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ONO2000Tutorial

INTRODUCTION

--The phenomena of optical nonlinearity

--Voltage dependent index of index of refraction

--Simple Devices

CHROMOPHORES

--Optimizing hyperpolarizability

-- Auxiliary Properties

MATERIALS

--Optimizing electro-optic activity

--Theory and optimized design of chromophores

--Optical Loss

--Lattice Hardening

PROCESSING

--Fabrication of buried channel wavguides

--Tapered and vertical transitions

--Fabrication of 3-D integrated circuits

DEVICES AND PERFORMANCE

--Prototype devices and performance evaluation

--Advanced devices (e.g., phased array radar)

FUTURE PROGNOSIS

REFERENCES

INTRODUCTION: Frequency

Dependence of Polarization

ONO2000TutorialFor a sinusoidal field,

E(z,t) = E0cos(wt-kz)

the polarization becomes:

INTRODUCTION: Useful

Relationships

ONO2000TutorialRelationship of phase shift to EO coefficient and applied field

Relationship of Vp voltage to EO coefficient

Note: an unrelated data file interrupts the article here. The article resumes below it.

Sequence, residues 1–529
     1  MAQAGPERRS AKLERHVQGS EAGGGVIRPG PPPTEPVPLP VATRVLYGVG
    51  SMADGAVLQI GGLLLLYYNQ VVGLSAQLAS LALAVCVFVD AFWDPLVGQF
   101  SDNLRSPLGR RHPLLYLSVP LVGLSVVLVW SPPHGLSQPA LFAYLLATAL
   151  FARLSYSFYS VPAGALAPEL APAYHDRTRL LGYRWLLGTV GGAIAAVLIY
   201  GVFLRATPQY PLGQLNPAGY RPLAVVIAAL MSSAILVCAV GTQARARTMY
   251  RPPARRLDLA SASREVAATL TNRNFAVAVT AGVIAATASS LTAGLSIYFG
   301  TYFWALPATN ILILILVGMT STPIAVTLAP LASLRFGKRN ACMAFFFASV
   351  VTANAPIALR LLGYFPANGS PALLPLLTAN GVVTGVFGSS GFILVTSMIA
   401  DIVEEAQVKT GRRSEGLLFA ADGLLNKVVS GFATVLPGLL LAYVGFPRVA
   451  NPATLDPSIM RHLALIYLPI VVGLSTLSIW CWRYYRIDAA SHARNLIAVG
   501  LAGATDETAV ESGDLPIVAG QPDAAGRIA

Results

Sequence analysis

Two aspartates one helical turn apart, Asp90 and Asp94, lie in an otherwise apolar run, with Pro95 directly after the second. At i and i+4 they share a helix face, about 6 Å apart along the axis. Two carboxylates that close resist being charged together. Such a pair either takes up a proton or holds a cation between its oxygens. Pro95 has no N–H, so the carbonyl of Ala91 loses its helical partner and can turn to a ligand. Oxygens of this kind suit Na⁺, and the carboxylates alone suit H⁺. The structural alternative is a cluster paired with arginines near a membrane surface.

where l is the free-space wavelength, d is the thickness of the

waveguide core and cladding, L is the length of the electrode.

Applied electric field is now denoted by V rather than E.

Voltage Length Product

Figure of Merit

where e is the dielectric constant

INTRODUCTION: Comparison of

Organic and Inorganic Materials

ONO2000TutorialStability will vary depending how the final polymeric EO

material is prepared.

Trace 1, guest/host composite; Traces 2-4, chromophores in

hardened polymers. Trace 3 corresponds to DEC shown

below. Trace 5 corresponds to sol-gel glass.

Circles denote an IBM polymer with the DANS chromophore

covalent attached by one end to PMMA. DEC refers to a

double end crosslinked chromophore prepared by Dalton, et al.

INTRODUCTION: Simple Device

Configurations

ONO2000TutorialMach Zehnder Modulator

Birefringent Modulator

Directional Coupler

INTRODUCTION: Mach

Zehnder Modulator and Simple

Device Performance Comparison

ONO2000TutorialComparison of key features of simple devices

Mach Zehnder Birefringent Directional

InterferometerModulatorCoupler

reff r33 r33-r13 r33

Vp VpMZ 1.5 VpMZ 1.73 VpMZ

Mod. PMZ 2.75 PMZ 3 PMZ

Power

CHROMOPHORES: Charge-

Transfer (Dipolar Chromophores)

ONO2000TutorialWith the exception of octupolar chromophores (which we will

not discuss) electro-optic chromophores are dipolar charge-